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HBK CEO Honored by President Clinton with Global Citizen Award

On September 25, 2013, Hot Bread Kitchen’s Founder and CEO, Jessamyn W. Rodriguez was honored with a Global Citizen Award from the Clinton Global Initiative. This award was given to seven leaders based on their vision and scalable solutions to global issues. Other honorees include NYC Mayor Michael R. Bloomberg, 6-year-old girls’ education activist Malala Yousafzai, social entrepreneur Bunker Roy, and South Sudanese bishop Elias Taban. Below are her remarks given at the reception:

Thank you President Clinton, and everyone at the Clinton Global Initiative for the Global Citizen Award. I take great inspiration from CGI’s willingness to think outside of the box and convene and award business, civil society, philanthropic, and non-profit leaders who solve enduring problems that we all face.

I also want to congratulate the other honorees tonight, whose work, at all levels across sectors, inspires our humble efforts.  Five years ago, I launched Hot Bread Kitchen out of my home kitchen to do three things:

1. Create stable jobs for immigrant women who, otherwise, faced informal work and exploitation.

2. Prove that the market can be powerful in effecting social change.

3. Br-educate New Yorkers about the contribution of immigrant communities.

Tonight’s award is proof that those efforts have paid off.

Our breads are sold throughout the country. Forward thinking partners such as Whole Foods Market, The City of New York, the Waldorf Astoria, and Columbia University— have responded to the opportunity to diversify their offerings and support  social change while feeding hungry clients. Philanthropies such as New York Women’s Foundation, Robin Hood Foundation, Citi Community Development and Capital One Bank, and The Rockefeller  Foundation have partnered to support our innovative growth.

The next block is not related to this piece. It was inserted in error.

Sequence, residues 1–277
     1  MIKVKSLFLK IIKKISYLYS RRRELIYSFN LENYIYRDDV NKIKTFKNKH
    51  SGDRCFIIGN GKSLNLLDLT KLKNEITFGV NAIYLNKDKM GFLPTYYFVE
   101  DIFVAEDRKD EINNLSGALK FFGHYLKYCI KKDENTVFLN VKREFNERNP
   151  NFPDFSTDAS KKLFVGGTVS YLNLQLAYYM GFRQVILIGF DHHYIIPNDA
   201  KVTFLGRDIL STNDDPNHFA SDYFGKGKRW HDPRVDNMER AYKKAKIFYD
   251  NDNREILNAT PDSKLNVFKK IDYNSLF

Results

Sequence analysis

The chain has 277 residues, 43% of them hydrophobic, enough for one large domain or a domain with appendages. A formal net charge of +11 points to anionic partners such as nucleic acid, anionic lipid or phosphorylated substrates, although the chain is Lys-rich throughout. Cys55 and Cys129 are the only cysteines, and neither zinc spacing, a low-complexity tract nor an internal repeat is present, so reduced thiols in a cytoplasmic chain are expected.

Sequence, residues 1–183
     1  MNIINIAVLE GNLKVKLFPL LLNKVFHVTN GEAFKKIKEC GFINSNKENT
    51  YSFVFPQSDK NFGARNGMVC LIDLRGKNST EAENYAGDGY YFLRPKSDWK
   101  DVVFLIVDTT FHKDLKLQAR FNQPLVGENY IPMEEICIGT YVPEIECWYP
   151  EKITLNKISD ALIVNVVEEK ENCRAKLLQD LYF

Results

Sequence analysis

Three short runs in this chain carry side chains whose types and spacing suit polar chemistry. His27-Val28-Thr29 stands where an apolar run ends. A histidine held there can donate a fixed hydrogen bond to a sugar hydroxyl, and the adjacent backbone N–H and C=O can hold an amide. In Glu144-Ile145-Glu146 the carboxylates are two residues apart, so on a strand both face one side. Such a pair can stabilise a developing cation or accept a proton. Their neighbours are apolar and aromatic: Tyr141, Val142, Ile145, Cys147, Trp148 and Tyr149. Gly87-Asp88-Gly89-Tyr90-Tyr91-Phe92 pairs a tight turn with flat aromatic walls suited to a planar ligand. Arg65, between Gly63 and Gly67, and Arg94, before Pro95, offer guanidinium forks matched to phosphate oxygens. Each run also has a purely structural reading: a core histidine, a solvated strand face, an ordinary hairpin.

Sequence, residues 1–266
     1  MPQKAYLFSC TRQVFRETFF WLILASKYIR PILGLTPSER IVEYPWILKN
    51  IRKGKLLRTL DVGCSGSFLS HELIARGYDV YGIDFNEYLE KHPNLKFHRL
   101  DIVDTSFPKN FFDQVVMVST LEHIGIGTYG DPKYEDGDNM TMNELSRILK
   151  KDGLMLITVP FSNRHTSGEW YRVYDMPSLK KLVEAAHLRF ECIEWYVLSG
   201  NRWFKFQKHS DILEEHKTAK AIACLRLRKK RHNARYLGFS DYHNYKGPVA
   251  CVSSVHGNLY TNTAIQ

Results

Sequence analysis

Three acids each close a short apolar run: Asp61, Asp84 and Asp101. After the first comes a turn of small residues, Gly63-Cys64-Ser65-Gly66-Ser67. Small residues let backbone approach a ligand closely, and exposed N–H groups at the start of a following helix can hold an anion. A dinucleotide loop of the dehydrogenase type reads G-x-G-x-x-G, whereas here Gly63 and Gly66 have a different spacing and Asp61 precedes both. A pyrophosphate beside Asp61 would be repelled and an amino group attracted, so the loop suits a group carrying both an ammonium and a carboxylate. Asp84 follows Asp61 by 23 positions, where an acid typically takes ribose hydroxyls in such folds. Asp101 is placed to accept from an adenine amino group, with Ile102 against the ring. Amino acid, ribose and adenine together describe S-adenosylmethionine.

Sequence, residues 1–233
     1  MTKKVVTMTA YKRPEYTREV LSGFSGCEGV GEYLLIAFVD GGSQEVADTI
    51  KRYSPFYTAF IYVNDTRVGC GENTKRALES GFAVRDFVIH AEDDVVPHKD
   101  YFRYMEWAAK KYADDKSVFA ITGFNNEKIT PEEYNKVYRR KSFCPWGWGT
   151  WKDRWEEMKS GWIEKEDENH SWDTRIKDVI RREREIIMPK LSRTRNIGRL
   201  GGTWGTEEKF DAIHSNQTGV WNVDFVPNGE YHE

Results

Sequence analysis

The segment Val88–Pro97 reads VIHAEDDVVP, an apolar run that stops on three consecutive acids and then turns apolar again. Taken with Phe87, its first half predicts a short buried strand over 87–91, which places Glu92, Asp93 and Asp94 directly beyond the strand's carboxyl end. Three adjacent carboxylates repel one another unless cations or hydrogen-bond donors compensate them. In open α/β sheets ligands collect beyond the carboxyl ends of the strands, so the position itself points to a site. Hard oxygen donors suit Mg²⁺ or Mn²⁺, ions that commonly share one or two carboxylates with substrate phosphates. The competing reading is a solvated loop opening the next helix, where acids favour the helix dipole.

Women from 17 countries have educated consumers by inspiring breads that we bake every day– 24 hours a day. Those same women take  English classes, learn key management skills, and the math necessary to become leaders in the culinary industry. We have baked nearly a million kilos of dough, that has been shaped into breads from Mexico to Morrocco. Iran to Poland.

Finally, we are changing the face of an industry—currently only 500 of 6,000 bakers in New York City are minority women. We are righting this inequity and filling those jobs with qualified women whose skill, passion and perseverance earn their families’ bread in the thriving culinary industry I dedicate this award tonight to the women and men of the world who bake bread that nourishes our bodies, souls, and provides the fuel to effect social change. I dedicate this award to colleagues and friends in East Harlem who work to create social change and organization like CGI who support them.